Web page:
If this minimal, provisional, natural-law consensus should come about, I think the next step would be that we work to orient this consensus to something more stable and profound. Politics should be about fostering the best social, legal, institutional, and cultural conditions for the communal discovery and consensual political establishment of the true religion, after it is has been recognized as such by the vast majority.
But before such natural-law norms could ever be established culturally and politically as the first step to a new Christendom, the reality of the present tyrannical hegemony of the “tradition” of liberalism would need to be recognized by the populace.
Here, MacIntyre’s critique of liberalism as an established, radically defective tradition is eminently helpful. Only when the tradition of liberalism loses its undeserved and destructive social and political authority among the citizenry could a truly deserving and salutary, publicly authoritative tradition be developed and eventually supplant it.
In short, Catholics should be seeking first a communal consensus on the intrinsic political defectiveness of pluralistic liberalism, and then the necessity of its eradication by means of a teleologically-informed, communal dialectic oriented towards and aspiring toward religious truth, and to embodying this truth, eventually, on the large-scale level of the nation-state — and perhaps even beyond this. We are talking about a new Christendom.
I think the Pope realizes this, but he is not saying it explicitly for prudential and rhetorical reasons. I do not think the confessional model has been superseded, or that the natural law is enough, politically speaking.
ZENIT: In his 2011 World Day of Peace Message, Benedict XVI stated that religious freedom is an indispensible path to peace, truth, and human flourishing. Is this not an implicit signal by the Holy Father of the Church’s preference for liberal political orders grounded in the natural law of the type envisioned by Maritain?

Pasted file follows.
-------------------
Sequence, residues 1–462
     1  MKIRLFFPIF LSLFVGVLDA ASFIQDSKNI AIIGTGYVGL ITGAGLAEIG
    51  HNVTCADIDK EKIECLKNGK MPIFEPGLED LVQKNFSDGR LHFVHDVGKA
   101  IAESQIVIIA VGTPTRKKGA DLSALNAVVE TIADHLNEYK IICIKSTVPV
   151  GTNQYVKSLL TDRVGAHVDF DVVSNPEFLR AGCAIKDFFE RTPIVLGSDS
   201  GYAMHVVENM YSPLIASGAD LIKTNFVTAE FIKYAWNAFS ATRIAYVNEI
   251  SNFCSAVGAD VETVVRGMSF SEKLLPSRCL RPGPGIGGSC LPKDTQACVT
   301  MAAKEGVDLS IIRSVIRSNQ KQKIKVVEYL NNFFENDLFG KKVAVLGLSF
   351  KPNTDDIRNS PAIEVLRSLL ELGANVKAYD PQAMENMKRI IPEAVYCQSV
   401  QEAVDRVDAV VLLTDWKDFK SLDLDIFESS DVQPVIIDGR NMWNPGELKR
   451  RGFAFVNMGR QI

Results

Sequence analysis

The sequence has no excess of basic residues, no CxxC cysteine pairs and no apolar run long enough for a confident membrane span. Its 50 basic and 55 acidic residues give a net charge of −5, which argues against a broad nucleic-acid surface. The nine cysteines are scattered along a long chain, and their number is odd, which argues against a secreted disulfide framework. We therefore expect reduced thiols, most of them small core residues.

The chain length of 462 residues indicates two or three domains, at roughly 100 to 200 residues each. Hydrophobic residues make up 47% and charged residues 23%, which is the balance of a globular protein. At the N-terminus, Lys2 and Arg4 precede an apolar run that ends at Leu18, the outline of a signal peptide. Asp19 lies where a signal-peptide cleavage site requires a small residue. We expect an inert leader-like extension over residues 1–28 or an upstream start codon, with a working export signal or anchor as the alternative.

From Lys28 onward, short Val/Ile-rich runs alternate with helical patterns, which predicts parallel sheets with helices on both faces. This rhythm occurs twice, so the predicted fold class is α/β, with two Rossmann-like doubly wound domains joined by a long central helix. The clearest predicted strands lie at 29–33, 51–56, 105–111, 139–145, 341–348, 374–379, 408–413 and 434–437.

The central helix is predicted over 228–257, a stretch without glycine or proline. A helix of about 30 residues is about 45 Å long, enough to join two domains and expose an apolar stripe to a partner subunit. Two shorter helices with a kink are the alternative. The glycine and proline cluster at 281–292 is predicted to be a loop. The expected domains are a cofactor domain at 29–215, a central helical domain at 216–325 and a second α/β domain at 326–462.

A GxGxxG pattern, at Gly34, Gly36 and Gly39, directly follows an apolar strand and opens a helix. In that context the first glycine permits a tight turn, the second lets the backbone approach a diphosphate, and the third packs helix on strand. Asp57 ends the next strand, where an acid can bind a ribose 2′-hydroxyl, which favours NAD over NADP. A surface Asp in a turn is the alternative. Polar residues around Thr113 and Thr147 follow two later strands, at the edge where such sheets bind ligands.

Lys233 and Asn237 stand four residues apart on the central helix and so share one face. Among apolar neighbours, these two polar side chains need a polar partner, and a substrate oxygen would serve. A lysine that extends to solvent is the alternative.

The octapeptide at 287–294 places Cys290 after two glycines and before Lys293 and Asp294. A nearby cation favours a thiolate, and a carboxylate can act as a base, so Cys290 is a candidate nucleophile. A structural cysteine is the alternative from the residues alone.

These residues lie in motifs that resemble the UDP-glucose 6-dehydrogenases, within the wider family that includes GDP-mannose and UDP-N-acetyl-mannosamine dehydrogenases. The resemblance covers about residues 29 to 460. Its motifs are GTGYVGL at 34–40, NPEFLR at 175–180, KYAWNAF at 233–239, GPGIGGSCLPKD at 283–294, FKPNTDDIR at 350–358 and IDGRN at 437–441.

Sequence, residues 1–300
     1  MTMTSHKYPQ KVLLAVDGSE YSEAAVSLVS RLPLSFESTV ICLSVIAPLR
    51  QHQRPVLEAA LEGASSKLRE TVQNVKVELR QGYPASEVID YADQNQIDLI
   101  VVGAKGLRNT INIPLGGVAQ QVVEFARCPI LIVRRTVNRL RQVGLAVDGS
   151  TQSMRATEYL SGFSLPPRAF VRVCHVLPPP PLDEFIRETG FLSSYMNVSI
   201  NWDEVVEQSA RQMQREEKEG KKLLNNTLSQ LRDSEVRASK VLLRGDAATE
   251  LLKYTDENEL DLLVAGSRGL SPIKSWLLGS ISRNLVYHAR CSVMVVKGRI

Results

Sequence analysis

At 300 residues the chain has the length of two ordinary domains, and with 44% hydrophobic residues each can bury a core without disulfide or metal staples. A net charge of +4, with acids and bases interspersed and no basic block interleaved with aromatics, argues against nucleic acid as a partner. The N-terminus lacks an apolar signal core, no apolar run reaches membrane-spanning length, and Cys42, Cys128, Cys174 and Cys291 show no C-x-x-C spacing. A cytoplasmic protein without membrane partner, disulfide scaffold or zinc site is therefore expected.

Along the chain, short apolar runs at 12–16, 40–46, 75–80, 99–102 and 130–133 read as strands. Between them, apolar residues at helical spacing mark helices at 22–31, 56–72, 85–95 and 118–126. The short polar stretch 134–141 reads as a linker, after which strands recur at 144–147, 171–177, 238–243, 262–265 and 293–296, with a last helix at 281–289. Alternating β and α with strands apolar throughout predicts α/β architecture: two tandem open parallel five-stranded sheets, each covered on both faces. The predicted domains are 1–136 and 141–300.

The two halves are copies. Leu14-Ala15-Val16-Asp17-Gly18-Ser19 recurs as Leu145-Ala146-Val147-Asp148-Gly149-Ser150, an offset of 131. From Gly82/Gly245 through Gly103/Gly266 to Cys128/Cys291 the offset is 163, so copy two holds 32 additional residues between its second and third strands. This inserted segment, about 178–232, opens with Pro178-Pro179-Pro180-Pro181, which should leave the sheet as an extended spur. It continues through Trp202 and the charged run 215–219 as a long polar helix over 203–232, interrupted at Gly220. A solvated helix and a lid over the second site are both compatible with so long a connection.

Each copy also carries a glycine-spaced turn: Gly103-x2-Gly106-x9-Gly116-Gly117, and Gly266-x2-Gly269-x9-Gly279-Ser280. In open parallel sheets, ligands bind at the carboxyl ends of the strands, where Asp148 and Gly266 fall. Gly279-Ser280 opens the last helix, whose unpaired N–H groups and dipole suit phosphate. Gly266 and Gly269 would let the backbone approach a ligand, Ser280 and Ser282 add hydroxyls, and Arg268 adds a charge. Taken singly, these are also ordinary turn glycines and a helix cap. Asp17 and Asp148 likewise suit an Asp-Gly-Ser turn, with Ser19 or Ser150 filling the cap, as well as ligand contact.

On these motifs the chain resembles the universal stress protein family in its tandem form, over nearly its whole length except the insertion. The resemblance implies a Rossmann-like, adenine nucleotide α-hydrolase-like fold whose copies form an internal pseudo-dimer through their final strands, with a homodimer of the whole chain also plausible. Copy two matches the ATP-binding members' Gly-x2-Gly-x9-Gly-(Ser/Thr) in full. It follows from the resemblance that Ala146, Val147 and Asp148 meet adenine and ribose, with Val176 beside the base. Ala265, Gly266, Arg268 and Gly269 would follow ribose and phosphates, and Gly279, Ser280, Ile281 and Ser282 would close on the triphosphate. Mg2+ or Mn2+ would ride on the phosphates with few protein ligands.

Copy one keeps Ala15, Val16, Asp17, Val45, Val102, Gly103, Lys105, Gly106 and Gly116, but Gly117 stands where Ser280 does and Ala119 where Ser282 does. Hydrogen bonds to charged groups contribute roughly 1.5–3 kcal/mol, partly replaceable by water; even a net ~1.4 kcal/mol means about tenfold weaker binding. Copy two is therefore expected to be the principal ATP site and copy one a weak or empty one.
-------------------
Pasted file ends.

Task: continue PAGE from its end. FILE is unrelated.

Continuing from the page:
Kozinski: The Catholic confessional state is both liberal (in the proper sense of the term, meaning morally free) and grounded in the natural law.
The real question is how any political order can be truly liberal, that is, how can it secure the true freedom of men as sons of God, and be grounded in the prescriptions and goods of natural law, the effective obedience to and securing of which are only attainable by the help of grace.
The point of my book is that for any political order to promote the full-flourishing of human persons, which is what Benedict XVI is calling for and what liberal, pluralistic democracy boasts to have achieved, it must be cognizant of and obedient to the will of God.
This is what the Pope means, I think, when he demands that politics be opened and oriented to the “transcendent,” which is personified in Jesus Christ.
Because God’s explicit will is authoritatively given through and recognized by the Catholic Church — the natural law, as well as the Divine law, is authoritatively interpreted by and articulated only through the Catholic Church — then any state that desires the best for its citizens must privilege the freedom of the Catholic Church and formally cooperate with her mission, while also permitting and supporting the freedom of other religious communities insofar as they contribute to the common good and uphold public order.
The problem with Maritain’s democratic charter is that it cannot live up to its ideal; moreover, it was tried, and failed. The kind of natural-law based political order that John Courtney Murray and Jacques Maritain desired to achieve might have been attainable in 1950, but even then it wouldn’t have lasted long, I think.
Even if I am completely wrong about Murray and Maritain, it is clear that we need a more realistic and radical alternative now.
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On the Net:
“The Political Problem of Religious Pluralism”: http://www.rowmanlittlefield.com/Catalog/SingleBook.shtml?command=Search&db=^DB/CATALOG.db&eqSKUdata=0739141686&thepassedurl=[thepassedurl]